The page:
Campaigners fighting a proposal to build five huge wind turbines in their village have met to discuss an action plan.
Residents from East Langdon and surrounding villages are fighting plans by Ecotricity to build a wind farm of 120m high turbines less than 500m from homes.
Angry villagers say the turbines will cause misery with constant noise from the rotating blades, repetitive flickering and the visual impact which will turn the area into an eyesore.
Talking to a packed village hall last week Langdon Action Group (Lag) chairman Anthony Hyde said: “The Lag mandate is to object to this planning application and this community’s objections will be heard. We have to focus on a number of issues. We have a heritage coastline which is the most protected thing you can have.
“Another issue is the proximity to the village. Most of Europe and Scotland say they should not be closer than 2,000m. Every person in Langdon to Whitfield will live within 1,500m of these turbines.”
Guest speaker Mike Barnard, who has fought against three developments, told the meeting noise will have the biggest impact. He said: “Industrial noise is not allowed above five decibels over background noise but the Government has introduced its own noise methodology for wind farms. Night time noise over background can go to 43 decibels and 35 to 40 in the day. The noise goes on all the time if the wind is blowing.”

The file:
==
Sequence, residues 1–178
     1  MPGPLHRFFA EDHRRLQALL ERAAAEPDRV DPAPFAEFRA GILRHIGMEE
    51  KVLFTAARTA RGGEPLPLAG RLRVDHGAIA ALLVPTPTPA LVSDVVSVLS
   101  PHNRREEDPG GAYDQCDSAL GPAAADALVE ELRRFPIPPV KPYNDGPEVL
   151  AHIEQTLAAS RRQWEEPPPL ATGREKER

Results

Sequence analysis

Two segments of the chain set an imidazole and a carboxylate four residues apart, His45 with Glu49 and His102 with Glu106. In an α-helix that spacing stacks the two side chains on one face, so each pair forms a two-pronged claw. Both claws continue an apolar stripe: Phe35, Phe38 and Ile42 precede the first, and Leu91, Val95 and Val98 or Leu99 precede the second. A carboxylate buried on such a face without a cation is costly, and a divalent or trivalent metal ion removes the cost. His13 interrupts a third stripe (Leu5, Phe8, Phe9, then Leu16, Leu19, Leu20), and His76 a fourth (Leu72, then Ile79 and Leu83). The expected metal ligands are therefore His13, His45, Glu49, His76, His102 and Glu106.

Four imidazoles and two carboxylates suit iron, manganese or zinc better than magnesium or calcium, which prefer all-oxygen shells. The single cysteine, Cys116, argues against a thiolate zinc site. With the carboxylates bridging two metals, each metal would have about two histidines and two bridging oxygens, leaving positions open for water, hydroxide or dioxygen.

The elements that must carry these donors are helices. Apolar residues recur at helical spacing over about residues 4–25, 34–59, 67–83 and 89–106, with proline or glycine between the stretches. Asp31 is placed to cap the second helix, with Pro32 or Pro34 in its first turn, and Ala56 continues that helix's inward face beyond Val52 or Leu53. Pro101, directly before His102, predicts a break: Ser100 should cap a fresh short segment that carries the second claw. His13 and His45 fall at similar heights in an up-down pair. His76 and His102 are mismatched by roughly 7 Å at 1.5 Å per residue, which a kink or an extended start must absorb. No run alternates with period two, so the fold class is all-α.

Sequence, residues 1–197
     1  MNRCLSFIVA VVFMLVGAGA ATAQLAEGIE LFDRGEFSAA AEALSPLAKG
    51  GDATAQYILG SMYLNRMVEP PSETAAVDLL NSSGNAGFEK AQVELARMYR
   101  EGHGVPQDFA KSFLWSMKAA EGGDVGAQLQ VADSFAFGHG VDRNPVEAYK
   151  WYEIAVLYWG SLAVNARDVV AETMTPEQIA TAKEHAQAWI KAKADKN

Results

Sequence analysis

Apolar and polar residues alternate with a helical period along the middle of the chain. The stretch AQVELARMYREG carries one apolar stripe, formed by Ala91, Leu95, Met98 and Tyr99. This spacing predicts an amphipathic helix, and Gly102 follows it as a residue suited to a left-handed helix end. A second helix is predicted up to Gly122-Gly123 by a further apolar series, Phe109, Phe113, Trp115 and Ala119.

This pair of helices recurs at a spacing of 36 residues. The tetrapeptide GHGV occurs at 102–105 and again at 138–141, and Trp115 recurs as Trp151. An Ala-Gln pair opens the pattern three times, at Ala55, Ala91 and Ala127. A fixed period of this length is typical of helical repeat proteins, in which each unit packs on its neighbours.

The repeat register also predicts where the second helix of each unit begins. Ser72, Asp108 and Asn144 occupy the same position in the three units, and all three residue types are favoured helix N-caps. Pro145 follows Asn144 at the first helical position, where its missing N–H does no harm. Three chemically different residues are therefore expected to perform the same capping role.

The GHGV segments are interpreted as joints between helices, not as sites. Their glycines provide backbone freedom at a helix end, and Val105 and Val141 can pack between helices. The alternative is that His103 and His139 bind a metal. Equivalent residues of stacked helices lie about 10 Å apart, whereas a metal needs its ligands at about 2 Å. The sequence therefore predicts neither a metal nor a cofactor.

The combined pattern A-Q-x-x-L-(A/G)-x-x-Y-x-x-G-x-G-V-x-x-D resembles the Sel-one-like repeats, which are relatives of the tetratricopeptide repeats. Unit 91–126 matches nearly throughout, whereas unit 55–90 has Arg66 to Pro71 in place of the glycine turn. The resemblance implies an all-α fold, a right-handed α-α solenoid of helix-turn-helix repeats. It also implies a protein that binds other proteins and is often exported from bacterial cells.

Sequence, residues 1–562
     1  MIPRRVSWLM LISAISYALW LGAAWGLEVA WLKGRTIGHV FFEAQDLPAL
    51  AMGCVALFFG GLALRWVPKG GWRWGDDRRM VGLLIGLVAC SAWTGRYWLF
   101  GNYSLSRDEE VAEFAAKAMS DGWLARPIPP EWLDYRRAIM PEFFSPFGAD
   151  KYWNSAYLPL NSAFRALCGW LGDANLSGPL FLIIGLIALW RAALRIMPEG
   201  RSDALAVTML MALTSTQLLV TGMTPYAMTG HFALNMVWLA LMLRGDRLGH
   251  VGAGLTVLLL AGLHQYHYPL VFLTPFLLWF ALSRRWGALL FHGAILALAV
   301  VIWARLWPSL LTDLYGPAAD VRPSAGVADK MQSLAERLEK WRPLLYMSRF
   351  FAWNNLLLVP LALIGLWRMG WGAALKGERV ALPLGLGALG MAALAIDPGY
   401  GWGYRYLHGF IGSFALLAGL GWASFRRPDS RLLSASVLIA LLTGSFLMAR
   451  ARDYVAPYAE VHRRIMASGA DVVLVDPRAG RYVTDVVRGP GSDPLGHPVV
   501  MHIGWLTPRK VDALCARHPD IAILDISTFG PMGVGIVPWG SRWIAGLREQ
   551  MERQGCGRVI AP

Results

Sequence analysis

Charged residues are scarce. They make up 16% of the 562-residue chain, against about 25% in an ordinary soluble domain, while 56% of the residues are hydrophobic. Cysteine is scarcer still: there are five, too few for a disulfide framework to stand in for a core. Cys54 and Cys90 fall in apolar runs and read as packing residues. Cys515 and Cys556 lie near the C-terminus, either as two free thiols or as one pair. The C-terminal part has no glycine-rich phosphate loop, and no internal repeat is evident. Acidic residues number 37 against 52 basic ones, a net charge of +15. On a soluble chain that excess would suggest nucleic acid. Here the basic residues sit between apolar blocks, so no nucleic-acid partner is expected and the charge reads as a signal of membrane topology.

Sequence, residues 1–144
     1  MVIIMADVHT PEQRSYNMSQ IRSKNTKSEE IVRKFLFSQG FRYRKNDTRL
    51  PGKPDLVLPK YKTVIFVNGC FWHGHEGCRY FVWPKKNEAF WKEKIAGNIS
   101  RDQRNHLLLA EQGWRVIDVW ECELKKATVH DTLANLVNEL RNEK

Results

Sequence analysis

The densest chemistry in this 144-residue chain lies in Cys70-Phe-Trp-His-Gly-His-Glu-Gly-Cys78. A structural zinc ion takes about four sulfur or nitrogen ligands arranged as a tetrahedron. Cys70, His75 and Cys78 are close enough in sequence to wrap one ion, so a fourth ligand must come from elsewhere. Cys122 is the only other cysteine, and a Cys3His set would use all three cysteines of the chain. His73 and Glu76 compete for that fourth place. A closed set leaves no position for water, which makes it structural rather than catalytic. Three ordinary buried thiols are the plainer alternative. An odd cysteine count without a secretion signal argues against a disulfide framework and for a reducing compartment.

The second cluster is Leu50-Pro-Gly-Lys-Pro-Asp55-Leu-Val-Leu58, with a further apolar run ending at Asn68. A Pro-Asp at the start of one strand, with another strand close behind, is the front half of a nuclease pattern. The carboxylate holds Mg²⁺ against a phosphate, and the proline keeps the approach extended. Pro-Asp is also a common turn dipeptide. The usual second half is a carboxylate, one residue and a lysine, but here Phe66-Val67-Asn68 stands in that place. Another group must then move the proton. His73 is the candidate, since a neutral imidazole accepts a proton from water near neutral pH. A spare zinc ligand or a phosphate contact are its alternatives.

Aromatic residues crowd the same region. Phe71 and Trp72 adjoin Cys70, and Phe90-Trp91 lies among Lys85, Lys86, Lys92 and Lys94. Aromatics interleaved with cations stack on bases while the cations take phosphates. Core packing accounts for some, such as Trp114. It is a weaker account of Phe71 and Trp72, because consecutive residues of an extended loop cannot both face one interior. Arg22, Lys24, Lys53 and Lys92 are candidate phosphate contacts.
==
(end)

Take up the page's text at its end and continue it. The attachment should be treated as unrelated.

But, in an Environmental Statement for the North Dover Wind Park, Ecotricity says quieter Enercon turbines will be used.It says: “Unlike other wind turbines they are direct drive, which means they have no gear box, thereby producing no mechanical noise.
“The only noise they make is from the air over the blades, which increases and decreases with wind speed.”
Lag is calling on residents in villages within a radius which reaches as far as Whitfield to write letters of objection to Dover District Council at the Planning Department , quoting reference DOV/07/01148, by December 14.
Planning committee councillors are expected to look at the application on December 18.
By Kathy Bailes
6 December 2007
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